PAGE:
However, this is all based on studies on individual cells under a microscope or in a Petri dish. Having an effect inside the human body is something totally different.
To date, there are no high-quality independent, peer-reviewed and controlled studies on the effects of goji berry juice in humans.
TAI60, FreeLife’s weight loss drink, consists of a combination of weight loss supplements, appetite suppressants, and goji berry juice.
The non-goji ingredients include phenylalanine and N-acetyl-L-tyrosine, two amino acid derivatives that FreeLife claims are appetite suppressants, as well as white, green, and black tea extracts.
Phenylalanine and N-acetyl-L-tyrosine have little evidence for their efficacy as appetite suppressants. There is no evidence for N-acetyl-L-tyrosine, and the research that has been done on phenylalanine actually shows that a meal that does not have phenylalanine in it produces lower post-meal hunger.
On the flip side, the tea extracts do appear to have some utility as a weight loss aid. Green tea extract is well-known in the weight loss world as a metabolism booster, and this effect is augmented by caffeine, as reported by a 2005 study in the journal Obesity.
Finally, TAIGreens is a pretty standard “green drink” that consists of powdered isolates from 26 superfoods. There is some evidence that green drink supplements can increase antioxidant and vitamin levels in the blood, but this research is not specific to FreeLife’s products.
With the recent merger of Sorvana and FreeLife, the starter kit is purchased through Sorvana for $39.95. From here, the requirements to remain active (and thus eligible to get paid) are a lot more strict than other MLMs. You need to move 90 personal volume per month, and 60 of this volume must come from preferred customers (i.e. not you).
First orders from new customers can earn you a 20-35% bonus based on the volume of the order, and you can earn commissions from the first two levels of downline customers or distributors at the first rank.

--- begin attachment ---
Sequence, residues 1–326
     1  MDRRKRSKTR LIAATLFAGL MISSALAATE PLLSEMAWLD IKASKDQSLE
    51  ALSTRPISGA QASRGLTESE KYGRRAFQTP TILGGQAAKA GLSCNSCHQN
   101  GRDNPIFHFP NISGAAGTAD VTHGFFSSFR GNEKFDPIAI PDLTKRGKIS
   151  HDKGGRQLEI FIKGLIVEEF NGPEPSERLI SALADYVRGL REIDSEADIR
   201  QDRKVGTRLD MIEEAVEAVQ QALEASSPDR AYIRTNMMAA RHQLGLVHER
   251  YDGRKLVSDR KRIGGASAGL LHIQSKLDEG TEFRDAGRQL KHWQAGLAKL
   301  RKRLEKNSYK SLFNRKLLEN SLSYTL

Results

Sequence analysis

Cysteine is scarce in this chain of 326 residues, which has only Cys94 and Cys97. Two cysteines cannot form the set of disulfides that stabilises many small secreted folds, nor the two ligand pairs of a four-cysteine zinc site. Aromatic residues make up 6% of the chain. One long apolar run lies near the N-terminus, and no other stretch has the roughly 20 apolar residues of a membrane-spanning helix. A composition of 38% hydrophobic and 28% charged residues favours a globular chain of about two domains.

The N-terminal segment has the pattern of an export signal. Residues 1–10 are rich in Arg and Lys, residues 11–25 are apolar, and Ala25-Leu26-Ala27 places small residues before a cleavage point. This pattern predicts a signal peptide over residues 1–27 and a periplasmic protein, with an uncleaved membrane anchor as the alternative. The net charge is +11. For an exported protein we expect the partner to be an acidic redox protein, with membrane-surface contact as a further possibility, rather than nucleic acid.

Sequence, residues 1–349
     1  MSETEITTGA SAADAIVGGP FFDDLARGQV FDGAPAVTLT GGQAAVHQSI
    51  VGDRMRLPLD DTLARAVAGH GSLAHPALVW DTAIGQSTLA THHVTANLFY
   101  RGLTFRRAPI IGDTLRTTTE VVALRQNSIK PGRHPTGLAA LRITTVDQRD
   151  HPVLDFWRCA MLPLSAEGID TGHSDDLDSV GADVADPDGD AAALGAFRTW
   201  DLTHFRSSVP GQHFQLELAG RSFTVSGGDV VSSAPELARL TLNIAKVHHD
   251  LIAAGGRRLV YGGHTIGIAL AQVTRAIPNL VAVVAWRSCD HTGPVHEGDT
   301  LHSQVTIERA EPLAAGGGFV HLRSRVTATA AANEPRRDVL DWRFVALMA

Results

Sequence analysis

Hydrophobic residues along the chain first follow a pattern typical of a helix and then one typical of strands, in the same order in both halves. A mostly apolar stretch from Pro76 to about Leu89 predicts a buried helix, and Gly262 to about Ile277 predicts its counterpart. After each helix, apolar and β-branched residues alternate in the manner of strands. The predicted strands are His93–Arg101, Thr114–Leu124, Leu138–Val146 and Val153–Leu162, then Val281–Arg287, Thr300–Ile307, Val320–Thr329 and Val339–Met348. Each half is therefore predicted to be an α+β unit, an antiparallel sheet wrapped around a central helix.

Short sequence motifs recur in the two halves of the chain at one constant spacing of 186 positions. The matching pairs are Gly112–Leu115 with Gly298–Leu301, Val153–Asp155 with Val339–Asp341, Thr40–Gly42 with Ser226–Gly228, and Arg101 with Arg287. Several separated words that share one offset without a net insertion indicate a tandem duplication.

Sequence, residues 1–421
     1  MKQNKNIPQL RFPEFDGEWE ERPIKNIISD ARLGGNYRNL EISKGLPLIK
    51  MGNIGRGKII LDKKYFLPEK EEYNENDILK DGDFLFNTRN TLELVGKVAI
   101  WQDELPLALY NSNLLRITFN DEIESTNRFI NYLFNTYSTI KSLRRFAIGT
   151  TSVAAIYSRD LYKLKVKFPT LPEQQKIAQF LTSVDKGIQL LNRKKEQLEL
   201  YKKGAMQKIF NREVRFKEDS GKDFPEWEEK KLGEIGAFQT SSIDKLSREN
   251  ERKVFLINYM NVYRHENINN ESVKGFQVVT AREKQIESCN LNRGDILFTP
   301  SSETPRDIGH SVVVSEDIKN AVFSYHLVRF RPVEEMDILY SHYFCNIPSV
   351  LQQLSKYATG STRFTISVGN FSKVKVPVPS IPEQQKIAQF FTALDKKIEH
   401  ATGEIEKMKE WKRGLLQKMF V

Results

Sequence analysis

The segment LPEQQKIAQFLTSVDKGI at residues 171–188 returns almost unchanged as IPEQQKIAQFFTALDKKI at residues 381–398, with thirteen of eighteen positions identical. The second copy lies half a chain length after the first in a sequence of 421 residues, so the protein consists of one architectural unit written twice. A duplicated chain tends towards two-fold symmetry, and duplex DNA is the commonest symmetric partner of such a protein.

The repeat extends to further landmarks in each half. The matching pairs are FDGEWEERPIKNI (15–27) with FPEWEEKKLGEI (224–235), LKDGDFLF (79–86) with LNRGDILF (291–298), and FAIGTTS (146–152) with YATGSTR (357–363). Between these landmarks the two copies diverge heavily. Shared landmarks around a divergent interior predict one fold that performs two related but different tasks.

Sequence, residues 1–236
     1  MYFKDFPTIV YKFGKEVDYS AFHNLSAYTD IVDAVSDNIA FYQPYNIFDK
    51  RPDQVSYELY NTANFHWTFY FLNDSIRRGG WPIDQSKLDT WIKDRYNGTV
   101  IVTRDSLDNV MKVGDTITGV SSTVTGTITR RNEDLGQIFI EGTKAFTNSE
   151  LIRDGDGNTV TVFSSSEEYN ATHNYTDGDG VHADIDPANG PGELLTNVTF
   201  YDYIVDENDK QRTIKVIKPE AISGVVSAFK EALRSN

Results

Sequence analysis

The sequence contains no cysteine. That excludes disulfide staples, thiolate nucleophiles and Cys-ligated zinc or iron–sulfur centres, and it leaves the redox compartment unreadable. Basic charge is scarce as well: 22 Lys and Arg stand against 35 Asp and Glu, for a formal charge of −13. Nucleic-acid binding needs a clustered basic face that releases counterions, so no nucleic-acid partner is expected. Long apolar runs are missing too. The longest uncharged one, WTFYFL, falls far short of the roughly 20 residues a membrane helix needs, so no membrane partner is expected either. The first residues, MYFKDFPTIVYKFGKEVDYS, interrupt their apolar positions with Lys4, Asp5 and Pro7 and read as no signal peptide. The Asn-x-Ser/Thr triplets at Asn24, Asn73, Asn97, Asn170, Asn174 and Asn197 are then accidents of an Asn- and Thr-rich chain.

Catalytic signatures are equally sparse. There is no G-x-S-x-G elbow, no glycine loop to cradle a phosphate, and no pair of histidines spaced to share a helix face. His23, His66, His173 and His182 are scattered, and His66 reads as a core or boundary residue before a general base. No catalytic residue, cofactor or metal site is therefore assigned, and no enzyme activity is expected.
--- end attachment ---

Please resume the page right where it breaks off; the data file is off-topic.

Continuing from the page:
These commission rates are pretty poor, though: only 2-3%. The level depth you can earn commissions on increases over time, but you need three separate legs and a large amount of monthly group volume (distributed about evenly among your legs) to ever move up.
Given this difficult structure, it should be no surprise that 74% of all members of FreeLife earn no income, and of those who do, the majority earn between $400 and $600 per year.
Given the history of FreeLife, and some definite changes in the near future for the company now that is merging with Sorvana, it’s a good time to hold off on joining this MLM.
The compensation structure is disappointing, and the few products they sell aren’t very impressive. They don’t have a great record with the public, either.
Bottom line is, if you’re set on going the MLM route, this one’s not terrible, but probably not the best, either.
If you’re doing it for the money, there are better ways to kill your day job. You might like our coaching because it shows you the good life without peddling overpriced products to your family and friends.